I chose to live close to my work at Fort Meade thinking I would drive less. I live close to the base on which I work, and since there's bubkes for transit options to the base, I figure it is best to shorten my commute. It will save money. I'll drive less.
But instead I drive more, since I can't go anywhere from my Laurel neighborhood without driving... not even the grocery store two blocks away, as no sane person would attempt to cross Route 1 while carrying something. And considering that I'm a single 29 year old with an active social life, I like to venture out of Laurel as often as possible. I have a part-time night job in Bethesda, volunteer with a youth program in Silver Spring, I have a ton of friends that live in places like Capitol Hill, Rosslyn, and Dupont, my familiy lives mostly in Silver Spring, and I like to attend sporting events in DC and Landover. All of those locations have one distinct advantage over Laurel: Metro stations.
The buses on Route 1 is painfully slow even during off-peak hours. It doesn't run past 8pm, which is generally when I get off work, and is less reliable on the weekends. Greenbelt and Cheverly Metro stations are where I usually hop on the Metro if I'm going into DC or Virginia, but even those are 15 minute drives in light traffic.
I won't shy away from the fact that I enjoy a good glass of scotch or two from time to time, but I have to plan carefully if I want to go meet friends in Bethesda, Old Town, or H Street for a couple of drinks. Fact is, 100% of drunk drivers are driving at the time. I wonder how many DUI's Metro has prevented over the years.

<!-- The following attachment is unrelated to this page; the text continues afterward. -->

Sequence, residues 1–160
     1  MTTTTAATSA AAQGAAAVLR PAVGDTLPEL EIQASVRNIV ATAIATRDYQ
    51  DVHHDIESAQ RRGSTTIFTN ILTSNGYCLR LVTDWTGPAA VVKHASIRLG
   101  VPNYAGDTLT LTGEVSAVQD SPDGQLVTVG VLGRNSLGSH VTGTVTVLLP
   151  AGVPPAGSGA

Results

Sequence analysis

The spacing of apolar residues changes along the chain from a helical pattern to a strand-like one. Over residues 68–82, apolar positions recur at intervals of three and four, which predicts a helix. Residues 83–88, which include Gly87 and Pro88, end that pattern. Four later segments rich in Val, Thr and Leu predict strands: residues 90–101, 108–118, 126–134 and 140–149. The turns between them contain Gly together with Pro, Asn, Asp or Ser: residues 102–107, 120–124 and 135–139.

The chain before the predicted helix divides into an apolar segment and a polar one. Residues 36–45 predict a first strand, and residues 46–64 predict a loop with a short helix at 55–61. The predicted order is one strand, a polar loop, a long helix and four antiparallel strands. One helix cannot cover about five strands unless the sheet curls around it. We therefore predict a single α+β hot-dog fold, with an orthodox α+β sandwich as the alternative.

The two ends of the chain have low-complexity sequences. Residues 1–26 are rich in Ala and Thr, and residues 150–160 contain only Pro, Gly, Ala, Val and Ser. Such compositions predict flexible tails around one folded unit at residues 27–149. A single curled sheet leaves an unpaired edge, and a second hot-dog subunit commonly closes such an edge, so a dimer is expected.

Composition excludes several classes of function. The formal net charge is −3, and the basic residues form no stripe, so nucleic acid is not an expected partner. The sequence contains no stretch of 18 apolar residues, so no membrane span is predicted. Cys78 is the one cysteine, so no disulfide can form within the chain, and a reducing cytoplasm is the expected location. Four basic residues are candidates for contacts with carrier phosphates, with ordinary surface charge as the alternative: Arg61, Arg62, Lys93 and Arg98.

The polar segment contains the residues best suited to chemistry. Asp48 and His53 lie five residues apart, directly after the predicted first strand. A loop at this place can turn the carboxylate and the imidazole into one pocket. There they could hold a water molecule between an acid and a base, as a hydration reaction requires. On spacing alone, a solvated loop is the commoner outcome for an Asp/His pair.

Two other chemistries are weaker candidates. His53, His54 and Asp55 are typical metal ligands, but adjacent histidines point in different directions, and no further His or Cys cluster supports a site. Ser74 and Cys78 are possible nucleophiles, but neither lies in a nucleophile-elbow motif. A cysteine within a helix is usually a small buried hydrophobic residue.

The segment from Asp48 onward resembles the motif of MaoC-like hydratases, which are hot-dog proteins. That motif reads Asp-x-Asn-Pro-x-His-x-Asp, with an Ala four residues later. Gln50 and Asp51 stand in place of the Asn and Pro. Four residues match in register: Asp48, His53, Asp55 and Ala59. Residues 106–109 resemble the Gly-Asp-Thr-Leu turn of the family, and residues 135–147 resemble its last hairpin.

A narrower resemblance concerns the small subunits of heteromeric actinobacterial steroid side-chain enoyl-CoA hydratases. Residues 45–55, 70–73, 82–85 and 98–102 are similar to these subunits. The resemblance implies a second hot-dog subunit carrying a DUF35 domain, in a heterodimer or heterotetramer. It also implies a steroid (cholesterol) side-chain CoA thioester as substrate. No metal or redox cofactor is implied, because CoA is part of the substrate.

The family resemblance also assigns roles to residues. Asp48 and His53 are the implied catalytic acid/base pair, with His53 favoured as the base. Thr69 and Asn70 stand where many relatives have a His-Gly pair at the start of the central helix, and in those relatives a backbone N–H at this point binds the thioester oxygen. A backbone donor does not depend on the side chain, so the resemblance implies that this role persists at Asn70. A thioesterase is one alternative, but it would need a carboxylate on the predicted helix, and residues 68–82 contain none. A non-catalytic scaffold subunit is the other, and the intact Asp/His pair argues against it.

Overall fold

I try to combine trips as often as possible, but walking anywhere from my house is laborious. There are no sidewalks in my neighborhood. Route 1, where every road in my neighborhood empties, has few sidewalks on my stretch and even fewer crosswalks. Most retail near me is hidden behind a sea of paking lots, including the moribund Laurel Mall, where I only shop when I am absolutely desperate (although here's a great secret: the Macy's there is always fully stocked because no one shops there).
For someone who hates paperwork as much as I do, driving is a nightmare. There is insurance, an expensive necessary evil to legally drive in most of the US. If you live anywhere near a city, the price goes up significantly. MVA (which is Marylandese for DMV) registration, tags, and drivers license are relatively cheap, but minor oversights are costly. Should insurance, tags, license, or registration lapse, there are heavy penalties. Then there is the occaisional parking ticket (I have had plenty at work when parking was particularly bad and I chanced it in a reserve space) and if you're really not paying attention, speed camera ($50 for 36 mph on Minnesota Avenue at 3 a.m. last month... I'm not complaining about speed cameras, but ouch).
The real cost of my car oriented lifestyle is huge. I make a decent living on a federal salary. I'm certainly not loaded, but I make a decent wage by most standards. My car is a modest American sedan that gets 30 mpg that I purchased used on a 5 year loan. My car payment, insurance, scheduled maintenance, and gas (to and from work ONLY, assuming $2/gal) eats up over 20% of my take home salary, which includes my federal salary, my VA disability, and my night job. I don't care how much anyone makes. 20% of any living wage is ludicrous. And that 20% doesn't include emergency repairs (like a new set of tires that wasn't covered by my insurance, $600), tickets, MVA fees, or gas to get anywhere besides work. And to add insult to injury, my tax dollars are now going to bail out the automakers. I already gave them my money when I purchased my car. Rest assured that when I purchase another one, it will not be a GM, Ford, or Chrysler.